Asterix and Son

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Asterix and Son
(Le Fils d'Astérix)
Date 1983
Series Asterix
Creative team
Writers Albert Uderzo
Artists Albert Uderzo
Original publication
Date of publication 1983
Language French
Preceded by Asterix and the Black Gold
Followed by Asterix and the Magic Carpet

Asterix and Son (French: Le Fils d'Astérix, "Asterix's Son") is the twenty-seventh volume of the Asterix comic book series, created by author René Goscinny and illustrator Albert Uderzo.

Plot summary[edit]

A baby boy inexplicably appears at the porch of Asterix's house one morning. While taking care of him - a horrifying task for two single men - Asterix and Obelix along with Dogmatix, set out to discover who left the baby there and, by extension, who his parents are. The only major clue they have as to both mysteries is a lead left with the baby's wrappings. Curiously, they find that the Romans seem to be very inquisitive about the child, too - and all in the interests of Marcus Junius Brutus, Caesar's adopted son. Asterix finds out that some people suspect the baby is his illegitimate child, leaving him mildly shocked. As the Romans are using deceptive methods to try getting the baby, it is decided that the baby needs protection from the Romans.

While in the village, the baby twice drinks a great deal of magic potion (first by accident when Obelix inadvertently uses a half-empty potion gourd as a feeding bottle: the second time, he falls in a nearly-empty cauldron, prompting Obelix to remark that he 'really take[s] to [the baby]), after which he becomes a "terrible little monster" to every door in the neighbourhood and every spy sent to capture him, including a legionnare disguised as a peddler selling rattles, and a centurion disguised as a nursemaid, driving both up the centurion's tent pole. Finally, Brutus, who is keeping his presence secret from Caesar, takes matters into his own hands, attacking the village with his own legions and burning it to the ground, while he himself goes after the baby. He demands the baby from the women, who think he still has superhuman strength, but it turns out the potion has worn off, and Brutus manages to kidnap him temporarily - with the help of the ever-present pirates -, but soon Asterix and Obelix catch up with him and give him a lesson in why they are considered the terror of the Romans, while the pirates leap overboard.

Just as the Gauls try to make Brutus reveal the truth, the unexpected arrivals by Caesar, and then Cleopatra resolve the child's mystery; he is none other than Ptolemy XV Caesarion (born 23 June 47 BC), the son of Julius Caesar and Cleopatra VII of Egypt. Brutus had been attempting to kill the baby while Caesar was away on campaign so that he could guarantee his accession to the throne, so Cleopatra had the boy sent to the village to protect him on the grounds that the village was the one place she could guarantee the child's safety from Brutus's soldiers. Brutus is sent away by Caesar.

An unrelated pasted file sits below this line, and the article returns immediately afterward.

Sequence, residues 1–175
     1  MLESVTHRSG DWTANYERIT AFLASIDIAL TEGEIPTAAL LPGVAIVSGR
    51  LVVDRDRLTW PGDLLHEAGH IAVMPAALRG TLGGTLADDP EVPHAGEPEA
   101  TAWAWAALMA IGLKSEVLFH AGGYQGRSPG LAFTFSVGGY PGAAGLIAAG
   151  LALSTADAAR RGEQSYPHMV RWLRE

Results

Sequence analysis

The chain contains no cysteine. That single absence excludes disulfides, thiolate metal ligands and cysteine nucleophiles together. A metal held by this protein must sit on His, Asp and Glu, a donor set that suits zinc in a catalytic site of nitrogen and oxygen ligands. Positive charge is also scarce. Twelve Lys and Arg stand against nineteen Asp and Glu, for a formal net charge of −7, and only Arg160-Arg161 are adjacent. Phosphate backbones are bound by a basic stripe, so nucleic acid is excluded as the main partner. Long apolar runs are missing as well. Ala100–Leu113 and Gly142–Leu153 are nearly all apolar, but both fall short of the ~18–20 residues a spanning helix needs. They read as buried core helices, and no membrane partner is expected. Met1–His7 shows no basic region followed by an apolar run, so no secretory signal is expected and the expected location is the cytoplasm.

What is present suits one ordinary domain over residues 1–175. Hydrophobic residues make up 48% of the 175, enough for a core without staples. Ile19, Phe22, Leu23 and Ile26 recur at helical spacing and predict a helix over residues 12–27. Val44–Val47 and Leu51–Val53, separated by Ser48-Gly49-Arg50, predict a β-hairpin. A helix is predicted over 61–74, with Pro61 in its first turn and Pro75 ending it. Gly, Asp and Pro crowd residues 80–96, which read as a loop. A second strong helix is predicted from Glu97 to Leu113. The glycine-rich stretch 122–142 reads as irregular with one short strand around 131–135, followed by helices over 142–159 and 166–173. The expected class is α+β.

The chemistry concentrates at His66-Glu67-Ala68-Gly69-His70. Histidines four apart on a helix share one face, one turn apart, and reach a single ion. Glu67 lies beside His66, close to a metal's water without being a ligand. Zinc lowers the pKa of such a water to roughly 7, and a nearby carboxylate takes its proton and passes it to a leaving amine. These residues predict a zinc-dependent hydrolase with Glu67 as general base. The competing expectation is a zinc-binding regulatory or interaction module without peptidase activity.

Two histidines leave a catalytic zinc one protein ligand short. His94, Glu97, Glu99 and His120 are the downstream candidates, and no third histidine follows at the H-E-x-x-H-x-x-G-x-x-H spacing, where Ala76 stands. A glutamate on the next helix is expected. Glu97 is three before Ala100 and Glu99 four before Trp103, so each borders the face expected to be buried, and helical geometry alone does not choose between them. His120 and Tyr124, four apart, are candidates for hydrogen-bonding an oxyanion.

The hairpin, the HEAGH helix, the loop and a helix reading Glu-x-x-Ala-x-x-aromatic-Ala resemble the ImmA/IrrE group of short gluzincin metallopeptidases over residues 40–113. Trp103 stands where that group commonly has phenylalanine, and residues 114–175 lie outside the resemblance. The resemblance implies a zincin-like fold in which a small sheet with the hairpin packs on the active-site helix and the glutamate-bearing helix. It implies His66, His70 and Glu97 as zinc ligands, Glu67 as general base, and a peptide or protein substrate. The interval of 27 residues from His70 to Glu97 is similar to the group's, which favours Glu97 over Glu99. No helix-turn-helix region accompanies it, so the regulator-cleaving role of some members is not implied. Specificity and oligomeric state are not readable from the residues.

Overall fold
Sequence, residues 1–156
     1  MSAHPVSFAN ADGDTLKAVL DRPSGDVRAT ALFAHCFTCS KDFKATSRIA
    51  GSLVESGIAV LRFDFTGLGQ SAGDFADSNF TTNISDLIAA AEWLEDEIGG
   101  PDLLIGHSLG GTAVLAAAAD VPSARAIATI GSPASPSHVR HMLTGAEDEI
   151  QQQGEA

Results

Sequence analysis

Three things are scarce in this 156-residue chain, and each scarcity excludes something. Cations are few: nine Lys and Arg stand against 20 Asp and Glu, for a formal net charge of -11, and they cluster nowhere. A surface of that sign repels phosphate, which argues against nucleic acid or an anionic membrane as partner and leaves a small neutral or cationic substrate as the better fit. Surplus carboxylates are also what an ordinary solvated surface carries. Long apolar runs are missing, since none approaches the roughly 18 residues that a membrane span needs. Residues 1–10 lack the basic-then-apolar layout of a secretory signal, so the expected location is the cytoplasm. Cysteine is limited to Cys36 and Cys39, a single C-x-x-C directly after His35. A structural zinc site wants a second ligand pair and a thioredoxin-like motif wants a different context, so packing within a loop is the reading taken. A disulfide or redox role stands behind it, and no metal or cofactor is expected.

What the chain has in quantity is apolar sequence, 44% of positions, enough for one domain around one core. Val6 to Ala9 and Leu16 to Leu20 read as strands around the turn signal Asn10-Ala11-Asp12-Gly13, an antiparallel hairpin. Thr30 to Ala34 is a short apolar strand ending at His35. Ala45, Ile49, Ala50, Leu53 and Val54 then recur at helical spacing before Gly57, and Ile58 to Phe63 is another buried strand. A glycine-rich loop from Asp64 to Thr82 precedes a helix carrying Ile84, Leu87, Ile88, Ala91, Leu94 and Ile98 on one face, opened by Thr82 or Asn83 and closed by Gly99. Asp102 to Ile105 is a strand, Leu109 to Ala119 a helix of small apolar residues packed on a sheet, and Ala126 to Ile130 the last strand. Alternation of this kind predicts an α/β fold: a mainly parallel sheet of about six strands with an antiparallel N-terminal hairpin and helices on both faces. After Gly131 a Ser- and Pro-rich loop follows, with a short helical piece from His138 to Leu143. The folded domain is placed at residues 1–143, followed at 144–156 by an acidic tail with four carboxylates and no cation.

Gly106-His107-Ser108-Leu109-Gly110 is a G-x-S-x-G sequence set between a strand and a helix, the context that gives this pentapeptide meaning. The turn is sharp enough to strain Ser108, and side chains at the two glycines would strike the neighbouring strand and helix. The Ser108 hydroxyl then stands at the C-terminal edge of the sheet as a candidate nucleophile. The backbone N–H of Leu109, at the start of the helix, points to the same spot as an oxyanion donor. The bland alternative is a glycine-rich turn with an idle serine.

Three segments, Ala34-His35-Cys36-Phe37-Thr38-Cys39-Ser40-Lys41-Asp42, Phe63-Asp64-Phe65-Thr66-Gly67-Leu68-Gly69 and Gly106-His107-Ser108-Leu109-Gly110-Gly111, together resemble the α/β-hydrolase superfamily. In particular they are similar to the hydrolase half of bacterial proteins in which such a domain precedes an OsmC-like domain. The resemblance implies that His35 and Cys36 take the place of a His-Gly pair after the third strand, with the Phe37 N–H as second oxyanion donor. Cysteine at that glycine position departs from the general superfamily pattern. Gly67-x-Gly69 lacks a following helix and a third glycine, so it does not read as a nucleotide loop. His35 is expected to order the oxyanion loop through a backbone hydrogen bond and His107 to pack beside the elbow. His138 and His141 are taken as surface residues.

The story ends with the banquet on Cleopatra's royal barge where even Caesar joins in, having promised to rebuild the village in thanks for the Gauls' efforts to protect his son.


  • Brutus and the prefect of Gaul may be caricatures of Tony Curtis and Jack Lemmon, and the prefect cross-dressing is then a reference to the movie Some Like it Hot, in which they star.
  • The final banquet not being set in the Village was reportedly extremely criticized, even if it's nicely symbolic and fits into the story arc.
  • This is the only time the Romans successfully attack and destroy the village, but, to reward Asterix for keeping his son safe, Caesar ended up rebuilding it.
  • Like Asterix in Switzerland, this album presents a rare dark tone as it touches on the possibility of an innocent's murder. With the destruction of the village, Impedimenta's tearful failure at protecting the child, and the apparent upper hand of the Romans, the story swings away from comedy and briefly takes on a refreshing, if uncharacteristic, air of suspense.
  • Before Caesar sends Brutus to upper Germania, he says Et tu, Brute?, which were the words he spoke before his death in Shakespeare's Julius Caesar.

In other languages[edit]

  • French: "Le fils d'Astérix"
  • Catalan: El fill d'Astèrix
  • Croatian: Asterixov sin
  • Czech: Asterixův syn
  • Dutch: De zoon van Asterix
  • Finnish: Asterixin poika, also translated to Rauma dialect as Asteriksim boikkane mukul ("Asterix's boy tot")
  • German: Der Sohn des Asterix
  • Greek: Ο γιος του Αστερίξ
  • Indonesian: Bayi Asterix
  • Italian: Il figlio di Asterix
  • Norwegian: Asterix & sønn
  • Portuguese: O filho de Astérix
  • Polish: Syn Asteriksa
  • Russian: Сын Астерикса
  • Serbian: Астерикс и син
  • Swedish: Asterix & Son
  • Turkish: Asteriks'in Oğlu